...and a symphony broke out? Who starts a fight at the Boston Pops? From the Globe:
One of the two concertgoers at the center of what has become known as "The Brawl at Symphony Hall" said yesterday that he intends to press charges against the man who punched him after being asked several times to stop talking during the Boston Pops' opening night gala.
"People with a temper like that aren't really safe in society," Matthew Ellinger , a 27-year-old graphic designer from Brighton, said yesterday. "If a guy is going to lose his temper at the symphony when somebody asks him to stop talking, that's just not cool. If I were to let that go, I would be doing nobody any service."
Ellinger was there thanks to his girlfriend, Allison Roche, 26, a regular at Symphony Hall who took him to see the Pops for the first time. But well before singer-songwriter Ben Folds, the opening night guest, took the stage at Wednesday's sold-out concert, the couple was in the hallway, Ellinger nursing his bloody lip and providing a statement to the Boston Police.
The fight came during not just any show, but on an evening that features champagne and hor d'oeuvres before the music starts -- and which is typically covered by local TV stations. The ruckus, captured on video , quickly ricocheted across the Internet.
"It's the number one video on CNN," said Boston Symphony Orchestra managing director Mark Volpe, who could recall only one other fight in Symphony Hall during his decade-long tenure.
Roche said she had been looking forward to the concert, buying tickets the day they went on sale and dressing up for the date. The couple took their seats in the second row of the second balcony.
But instead of enjoying the music, Ellinger said, he found himself distracted by an older couple in the row in front of him.
"He was jibber-jabbering with his wife or girlfriend through the entire first piece and into the second piece, so I tapped him on the shoulder with my program and gave him a little shush gesture," said Ellinger. "Then, they keep going into the third piece. They're still talking. So I tap him on the shoulder and say, 'Hey, it's the Pops here, don't talk.' He turns around and threatens to throw me over the balcony."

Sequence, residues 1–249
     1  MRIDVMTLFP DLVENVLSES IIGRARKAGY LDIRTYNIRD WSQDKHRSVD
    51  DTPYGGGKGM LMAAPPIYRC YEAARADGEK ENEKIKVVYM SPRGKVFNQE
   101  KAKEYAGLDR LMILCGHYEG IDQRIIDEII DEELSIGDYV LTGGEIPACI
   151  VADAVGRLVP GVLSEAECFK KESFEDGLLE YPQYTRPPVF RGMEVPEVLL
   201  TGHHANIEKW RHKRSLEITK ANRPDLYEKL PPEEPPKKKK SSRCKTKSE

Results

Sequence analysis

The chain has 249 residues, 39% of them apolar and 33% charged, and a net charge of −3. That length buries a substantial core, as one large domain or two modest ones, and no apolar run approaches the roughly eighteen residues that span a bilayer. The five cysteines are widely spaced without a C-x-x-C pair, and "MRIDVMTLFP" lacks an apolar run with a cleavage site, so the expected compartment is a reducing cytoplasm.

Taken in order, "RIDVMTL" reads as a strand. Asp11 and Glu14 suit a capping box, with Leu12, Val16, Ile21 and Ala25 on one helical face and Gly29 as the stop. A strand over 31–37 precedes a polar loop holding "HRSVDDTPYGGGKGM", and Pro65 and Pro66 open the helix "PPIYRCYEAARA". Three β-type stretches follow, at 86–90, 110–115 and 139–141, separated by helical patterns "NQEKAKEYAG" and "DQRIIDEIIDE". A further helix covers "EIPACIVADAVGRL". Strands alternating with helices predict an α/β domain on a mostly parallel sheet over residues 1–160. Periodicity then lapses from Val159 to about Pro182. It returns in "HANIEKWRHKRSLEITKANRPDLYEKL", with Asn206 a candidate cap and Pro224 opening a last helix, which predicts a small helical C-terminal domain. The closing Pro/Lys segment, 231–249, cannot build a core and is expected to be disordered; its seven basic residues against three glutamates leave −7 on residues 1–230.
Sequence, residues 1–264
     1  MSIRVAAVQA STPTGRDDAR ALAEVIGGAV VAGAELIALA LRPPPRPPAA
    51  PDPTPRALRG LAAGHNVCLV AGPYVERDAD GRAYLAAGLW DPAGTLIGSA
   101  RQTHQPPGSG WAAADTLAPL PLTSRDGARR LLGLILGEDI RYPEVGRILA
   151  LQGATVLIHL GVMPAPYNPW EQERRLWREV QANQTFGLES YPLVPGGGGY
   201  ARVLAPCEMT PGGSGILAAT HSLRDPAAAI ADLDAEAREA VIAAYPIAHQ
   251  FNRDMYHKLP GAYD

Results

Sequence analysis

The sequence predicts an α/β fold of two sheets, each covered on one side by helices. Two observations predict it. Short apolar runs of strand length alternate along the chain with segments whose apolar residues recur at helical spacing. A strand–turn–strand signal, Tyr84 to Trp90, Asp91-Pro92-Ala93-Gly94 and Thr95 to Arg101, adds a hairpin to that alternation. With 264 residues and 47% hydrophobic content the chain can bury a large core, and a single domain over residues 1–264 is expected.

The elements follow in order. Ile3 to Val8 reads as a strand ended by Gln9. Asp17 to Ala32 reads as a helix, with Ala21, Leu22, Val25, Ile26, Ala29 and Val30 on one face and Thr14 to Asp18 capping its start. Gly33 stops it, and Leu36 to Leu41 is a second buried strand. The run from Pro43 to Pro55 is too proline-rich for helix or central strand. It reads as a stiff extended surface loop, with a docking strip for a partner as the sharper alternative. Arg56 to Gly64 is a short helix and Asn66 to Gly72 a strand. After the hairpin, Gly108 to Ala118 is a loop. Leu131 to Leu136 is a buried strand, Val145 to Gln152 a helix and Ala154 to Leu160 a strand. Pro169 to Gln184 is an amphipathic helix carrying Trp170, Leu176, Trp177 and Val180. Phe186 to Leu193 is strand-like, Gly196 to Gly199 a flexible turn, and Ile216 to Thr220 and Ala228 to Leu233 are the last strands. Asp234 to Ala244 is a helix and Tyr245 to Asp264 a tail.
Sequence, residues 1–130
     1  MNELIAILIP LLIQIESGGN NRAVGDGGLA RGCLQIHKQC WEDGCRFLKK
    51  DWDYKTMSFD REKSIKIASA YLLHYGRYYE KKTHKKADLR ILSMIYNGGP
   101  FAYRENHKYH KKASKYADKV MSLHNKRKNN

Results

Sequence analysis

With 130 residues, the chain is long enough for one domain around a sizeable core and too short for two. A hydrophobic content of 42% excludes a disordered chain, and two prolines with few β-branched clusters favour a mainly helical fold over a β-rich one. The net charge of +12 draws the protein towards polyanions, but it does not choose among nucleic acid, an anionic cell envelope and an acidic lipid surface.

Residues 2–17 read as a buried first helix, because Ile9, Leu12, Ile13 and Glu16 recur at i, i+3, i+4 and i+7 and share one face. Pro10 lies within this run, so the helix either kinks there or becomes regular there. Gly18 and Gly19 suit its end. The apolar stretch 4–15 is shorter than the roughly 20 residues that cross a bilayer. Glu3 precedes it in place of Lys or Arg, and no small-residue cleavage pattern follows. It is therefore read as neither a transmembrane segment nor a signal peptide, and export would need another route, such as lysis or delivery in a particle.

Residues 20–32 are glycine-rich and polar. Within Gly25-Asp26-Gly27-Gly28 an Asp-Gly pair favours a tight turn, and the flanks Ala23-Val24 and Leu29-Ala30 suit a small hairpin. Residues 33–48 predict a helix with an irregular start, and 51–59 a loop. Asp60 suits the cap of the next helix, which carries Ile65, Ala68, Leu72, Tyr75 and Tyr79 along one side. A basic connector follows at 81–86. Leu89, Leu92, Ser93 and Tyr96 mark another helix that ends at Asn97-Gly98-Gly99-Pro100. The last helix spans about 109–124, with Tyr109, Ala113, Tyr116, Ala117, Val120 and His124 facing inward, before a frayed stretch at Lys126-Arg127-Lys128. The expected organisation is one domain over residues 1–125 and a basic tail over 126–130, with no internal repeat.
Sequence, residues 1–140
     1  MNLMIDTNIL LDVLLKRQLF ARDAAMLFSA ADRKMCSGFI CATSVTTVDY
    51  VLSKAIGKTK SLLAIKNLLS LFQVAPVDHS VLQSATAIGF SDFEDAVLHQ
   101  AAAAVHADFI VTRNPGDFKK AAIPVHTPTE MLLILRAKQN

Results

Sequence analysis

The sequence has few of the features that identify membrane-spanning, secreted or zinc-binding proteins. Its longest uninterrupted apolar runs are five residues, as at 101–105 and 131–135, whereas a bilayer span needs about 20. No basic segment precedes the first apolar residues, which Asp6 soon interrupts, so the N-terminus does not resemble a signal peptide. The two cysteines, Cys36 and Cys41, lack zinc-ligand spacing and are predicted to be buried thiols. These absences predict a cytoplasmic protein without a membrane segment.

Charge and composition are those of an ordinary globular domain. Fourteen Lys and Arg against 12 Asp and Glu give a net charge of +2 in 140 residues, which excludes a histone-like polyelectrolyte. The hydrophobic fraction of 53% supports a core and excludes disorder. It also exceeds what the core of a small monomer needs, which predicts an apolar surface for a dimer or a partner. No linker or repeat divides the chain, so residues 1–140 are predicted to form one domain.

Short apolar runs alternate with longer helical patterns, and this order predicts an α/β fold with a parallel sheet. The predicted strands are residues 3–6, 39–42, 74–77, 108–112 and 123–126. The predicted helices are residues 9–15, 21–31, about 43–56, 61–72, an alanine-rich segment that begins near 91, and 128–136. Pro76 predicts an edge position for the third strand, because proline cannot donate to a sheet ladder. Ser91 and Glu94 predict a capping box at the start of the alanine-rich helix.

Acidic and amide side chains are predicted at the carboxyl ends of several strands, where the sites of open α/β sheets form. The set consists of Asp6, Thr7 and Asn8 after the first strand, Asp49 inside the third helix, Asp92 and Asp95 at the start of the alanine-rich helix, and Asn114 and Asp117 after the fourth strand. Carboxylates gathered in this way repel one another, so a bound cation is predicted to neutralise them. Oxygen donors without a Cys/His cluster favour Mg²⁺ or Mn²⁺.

At that point, Ellinger said, he left his seat and informed a BSO usher in the hallway about the threat. When he returned to his seat, Ellinger said, he told the man he had reported him. The man then swung at Ellinger, he said, hitting him in the face. Ellinger said the man grabbed him by his hair before they were separated.
The video, taken by WHDH-TV, ends with the older man, his blue shirt pulled open, being removed from the hall and the disheveled Roche and Ellinger taking their seats. But soon after, Ellinger left the hall again. He said his lip was bleeding and he wanted a paper towel. Roche went with him. Police asked him to provide a statement and BSO staffers told the couple they would have to leave. Their tickets were refunded.
The BSO refused to provide the name of the other man in the fight. Police would say only that he was a 44-year-old male. A police spokeswoman said she could not release names because officers said both men claimed to be victims. The police had no plans to file criminal charges. Ellinger said he will file civil charges.
BSO trustee Cynthia Curme couldn't see the action. She was sitting underneath the balcony and thought at first that the interruption was planned. Conductor Keith Lockhart had just led the Pops through an excerpt from "Phantom of the Opera."
After a series of screams, Lockhart, noticing the disturbance, stopped the orchestra mid-song.
"The shrieks sort of sounded like some of those operatic shrieks," said Curme. "What I truthfully thought, as Keith turned around, was that it was going to be some kind of preplanned stunt and somebody was going to come out on a wire because I knew Keith did that somewhere in Cleveland."
Improper Bostonian columnist Jonathan Soroff , sitting on the Symphony Hall floor, had a perfect view.
"I never thought I'd see a brawl at Symphony Hall," he said. "Fenway, yes."
Soroff said he hoped the BSO didn't somehow blame the incident on the recent Pops effort to bring more rock musicians into Symphony Hall.
"It could have happened at an all-Brahms program," he said. "People are just not always civilized."
The BSO said it had no plans to change its programming or procedures and viewed the incident as isolated. And Roche said she looked forward to going back to hear the Pops.
"I'm not going to think that all of a sudden my life is threatened anytime I go to the symphony," she said.
Odd. Although why the Boston PD isn't filing charges escapes me. It's not like they don't have a room full of witnesses...
well, only the nose-bleeders in the upper rows of the 2nd balcony would have been in a position to see it atart. I think the guy was making disparaging remarks about Fiedler's mom, or maybe John Williams' crappy movie music.
actually, I just looked at the pic and there's only one row above them!
The BSO said it had no plans to change its programming or procedures and viewed the incident as isolated.
Quick, somebody appoint these guys to head the DHS! We need some level-headed individuals in there.